REWIND: From The Aus­tralian, Oc­to­ber 13, 2005

The Weekend Australian - Review - - Lifelines -

RON Radford wor­ried in re­cent weeks that the buzz around his long-awaited vi­sion state­ment for the Na­tional Gallery of Aus­tralia had grown too loud. Noth­ing rev­o­lu­tion­ary was in the off­ing, he protested. He even tried to ‘‘ take the sting out of it’’ with an­nounce­ments about re­cent ac­qui­si­tions of Asian art and a pro­posed pur­chase of a $20 mil­lion to $30m Kandin­sky. (The gallery was never in a po­si­tion to buy the Kandin­sky; it was just test­ing pub­lic re­ac­tion and, to that end, dup­ing the press.)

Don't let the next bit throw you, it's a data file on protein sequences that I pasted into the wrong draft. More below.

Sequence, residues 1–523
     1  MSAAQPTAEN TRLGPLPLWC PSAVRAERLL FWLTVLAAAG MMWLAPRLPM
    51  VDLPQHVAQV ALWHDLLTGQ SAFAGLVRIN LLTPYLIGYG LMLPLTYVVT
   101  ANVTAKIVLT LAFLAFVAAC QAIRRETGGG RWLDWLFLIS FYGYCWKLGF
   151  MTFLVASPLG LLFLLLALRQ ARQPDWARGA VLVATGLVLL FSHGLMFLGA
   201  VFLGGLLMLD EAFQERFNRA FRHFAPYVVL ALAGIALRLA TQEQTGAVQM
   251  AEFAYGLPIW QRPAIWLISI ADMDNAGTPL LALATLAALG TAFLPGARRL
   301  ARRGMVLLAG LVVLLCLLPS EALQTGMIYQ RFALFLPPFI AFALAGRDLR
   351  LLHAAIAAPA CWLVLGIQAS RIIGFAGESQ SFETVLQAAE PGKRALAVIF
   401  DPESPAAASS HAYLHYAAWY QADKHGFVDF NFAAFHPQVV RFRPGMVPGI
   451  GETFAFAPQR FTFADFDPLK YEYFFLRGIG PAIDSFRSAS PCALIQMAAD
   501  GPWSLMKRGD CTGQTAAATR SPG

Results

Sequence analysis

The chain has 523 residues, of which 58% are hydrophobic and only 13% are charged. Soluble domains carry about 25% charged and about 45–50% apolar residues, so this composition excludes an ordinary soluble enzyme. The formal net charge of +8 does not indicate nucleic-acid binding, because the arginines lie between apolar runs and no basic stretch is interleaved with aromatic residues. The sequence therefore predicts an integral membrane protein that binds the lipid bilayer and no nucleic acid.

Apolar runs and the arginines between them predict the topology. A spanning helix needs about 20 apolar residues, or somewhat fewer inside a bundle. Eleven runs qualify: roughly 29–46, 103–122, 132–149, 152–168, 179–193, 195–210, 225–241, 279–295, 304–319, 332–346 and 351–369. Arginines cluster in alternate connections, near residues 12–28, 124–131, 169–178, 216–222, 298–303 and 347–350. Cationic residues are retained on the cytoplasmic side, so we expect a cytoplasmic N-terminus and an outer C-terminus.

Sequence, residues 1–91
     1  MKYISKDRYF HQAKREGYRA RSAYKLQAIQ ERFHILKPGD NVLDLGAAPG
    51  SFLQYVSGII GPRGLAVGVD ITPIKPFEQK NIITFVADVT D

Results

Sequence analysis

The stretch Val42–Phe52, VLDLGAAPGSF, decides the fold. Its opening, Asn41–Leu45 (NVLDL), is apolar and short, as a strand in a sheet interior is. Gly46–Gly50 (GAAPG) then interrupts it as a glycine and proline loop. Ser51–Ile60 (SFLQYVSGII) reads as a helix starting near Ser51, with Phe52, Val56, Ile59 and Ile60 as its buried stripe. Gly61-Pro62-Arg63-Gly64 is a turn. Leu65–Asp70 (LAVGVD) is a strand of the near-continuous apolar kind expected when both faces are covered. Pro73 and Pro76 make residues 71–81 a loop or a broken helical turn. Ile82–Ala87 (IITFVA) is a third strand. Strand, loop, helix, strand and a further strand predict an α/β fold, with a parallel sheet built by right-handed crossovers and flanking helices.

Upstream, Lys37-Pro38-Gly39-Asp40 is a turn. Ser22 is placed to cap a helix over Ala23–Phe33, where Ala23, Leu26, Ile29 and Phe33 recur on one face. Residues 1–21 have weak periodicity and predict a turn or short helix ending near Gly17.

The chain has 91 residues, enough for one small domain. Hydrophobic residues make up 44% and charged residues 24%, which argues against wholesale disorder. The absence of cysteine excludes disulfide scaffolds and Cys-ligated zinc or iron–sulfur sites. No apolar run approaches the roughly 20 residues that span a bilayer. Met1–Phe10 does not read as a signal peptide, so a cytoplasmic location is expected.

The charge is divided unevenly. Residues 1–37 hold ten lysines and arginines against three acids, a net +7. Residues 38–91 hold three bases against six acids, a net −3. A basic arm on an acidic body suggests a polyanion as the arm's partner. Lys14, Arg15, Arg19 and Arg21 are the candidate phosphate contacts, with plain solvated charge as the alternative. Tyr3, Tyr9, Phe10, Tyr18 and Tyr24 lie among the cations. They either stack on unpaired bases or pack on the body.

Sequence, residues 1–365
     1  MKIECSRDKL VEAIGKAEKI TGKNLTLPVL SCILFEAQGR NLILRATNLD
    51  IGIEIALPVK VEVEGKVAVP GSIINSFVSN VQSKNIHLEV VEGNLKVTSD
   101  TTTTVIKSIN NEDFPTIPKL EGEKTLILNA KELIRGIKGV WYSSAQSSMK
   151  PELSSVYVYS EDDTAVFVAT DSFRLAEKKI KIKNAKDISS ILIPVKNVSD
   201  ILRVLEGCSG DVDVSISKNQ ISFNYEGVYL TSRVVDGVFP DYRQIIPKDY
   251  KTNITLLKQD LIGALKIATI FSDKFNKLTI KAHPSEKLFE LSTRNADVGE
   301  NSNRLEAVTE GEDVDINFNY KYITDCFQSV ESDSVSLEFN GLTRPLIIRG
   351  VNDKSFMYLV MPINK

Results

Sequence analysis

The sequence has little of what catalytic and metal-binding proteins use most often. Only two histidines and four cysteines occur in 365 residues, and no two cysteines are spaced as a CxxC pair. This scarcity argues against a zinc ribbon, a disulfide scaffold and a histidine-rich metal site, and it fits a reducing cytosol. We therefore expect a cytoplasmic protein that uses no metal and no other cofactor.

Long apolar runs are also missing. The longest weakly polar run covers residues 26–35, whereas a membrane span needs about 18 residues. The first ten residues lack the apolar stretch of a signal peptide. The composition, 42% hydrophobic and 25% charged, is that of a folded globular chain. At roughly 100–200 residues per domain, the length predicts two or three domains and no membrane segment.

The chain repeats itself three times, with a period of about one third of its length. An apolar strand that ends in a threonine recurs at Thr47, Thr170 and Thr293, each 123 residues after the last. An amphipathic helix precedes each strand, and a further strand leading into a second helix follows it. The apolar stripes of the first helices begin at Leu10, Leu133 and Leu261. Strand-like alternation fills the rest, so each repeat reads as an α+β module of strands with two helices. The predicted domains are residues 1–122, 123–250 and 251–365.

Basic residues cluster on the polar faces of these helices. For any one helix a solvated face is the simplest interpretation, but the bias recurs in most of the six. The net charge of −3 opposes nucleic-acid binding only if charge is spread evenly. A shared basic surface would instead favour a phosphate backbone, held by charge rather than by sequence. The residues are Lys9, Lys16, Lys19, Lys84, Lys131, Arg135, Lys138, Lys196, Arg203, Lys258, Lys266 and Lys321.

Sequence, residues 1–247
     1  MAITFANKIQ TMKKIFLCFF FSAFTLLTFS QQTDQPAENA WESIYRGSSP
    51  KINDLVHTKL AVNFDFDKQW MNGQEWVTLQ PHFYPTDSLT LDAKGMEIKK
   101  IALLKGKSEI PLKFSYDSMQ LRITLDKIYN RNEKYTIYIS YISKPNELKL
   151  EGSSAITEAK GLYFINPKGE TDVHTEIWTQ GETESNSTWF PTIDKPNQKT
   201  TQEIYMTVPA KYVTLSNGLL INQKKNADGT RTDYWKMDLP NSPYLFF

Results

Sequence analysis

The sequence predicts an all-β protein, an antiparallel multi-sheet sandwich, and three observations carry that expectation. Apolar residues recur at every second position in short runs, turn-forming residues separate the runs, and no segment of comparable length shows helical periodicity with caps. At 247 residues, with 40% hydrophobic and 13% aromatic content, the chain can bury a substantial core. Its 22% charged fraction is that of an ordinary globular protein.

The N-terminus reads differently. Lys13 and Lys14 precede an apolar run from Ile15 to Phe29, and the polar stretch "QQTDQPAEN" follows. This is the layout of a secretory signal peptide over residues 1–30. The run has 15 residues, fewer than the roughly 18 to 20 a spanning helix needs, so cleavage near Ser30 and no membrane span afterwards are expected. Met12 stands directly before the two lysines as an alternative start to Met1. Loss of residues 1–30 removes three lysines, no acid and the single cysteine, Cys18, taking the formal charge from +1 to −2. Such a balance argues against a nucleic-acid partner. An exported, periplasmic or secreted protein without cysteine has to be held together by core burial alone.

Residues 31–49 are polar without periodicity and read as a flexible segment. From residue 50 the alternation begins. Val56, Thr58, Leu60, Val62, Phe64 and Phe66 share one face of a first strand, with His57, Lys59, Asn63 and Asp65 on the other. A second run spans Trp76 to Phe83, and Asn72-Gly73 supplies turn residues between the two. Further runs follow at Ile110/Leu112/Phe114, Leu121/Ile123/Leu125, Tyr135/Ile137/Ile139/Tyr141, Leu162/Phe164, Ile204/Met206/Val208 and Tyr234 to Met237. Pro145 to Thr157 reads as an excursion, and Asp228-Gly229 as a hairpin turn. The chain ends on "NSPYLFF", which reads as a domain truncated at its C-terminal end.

Yet Radford’s vi­sion state­ment is im­por­tant and has been eagerly awaited. The NGA has had an ap­palling few years: se­ri­ous build­ing prob­lems, a dearth of im­por­tant exhibitions, staff dis­il­lu­sion.

Radford is sup­posed to be the man to fix all this. Per­haps the sheer weight of ex­pec­ta­tion ex­plains his at­tempts to down­play this an­nounce­ment, as if he were say­ing: ‘‘ Don’t ex­pect mir­a­cles.’’ Early signs are aus­pi­cious. The main planks of the vi­sion state­ment make good sense. Yet, as we found un­der the di­rec­tor­ship of Brian Kennedy, it’s one thing to an­nounce grand am­bi­tions and quite an­other to ful­fil them. Fo­cus­ing on Aus­tralian, Asi­aPa­cific and mod­ern art world­wide is good pol­icy; it plays to the gallery’s strengths and it’s fea­si­ble.

If he is to achieve his aims, how­ever, Radford needs sup­port from his po­lit­i­cal pay­mas­ters. That may ex­plain his em­pha­sis on Aus­tralia’s ‘‘ strate­gic in­ter­ests’’.

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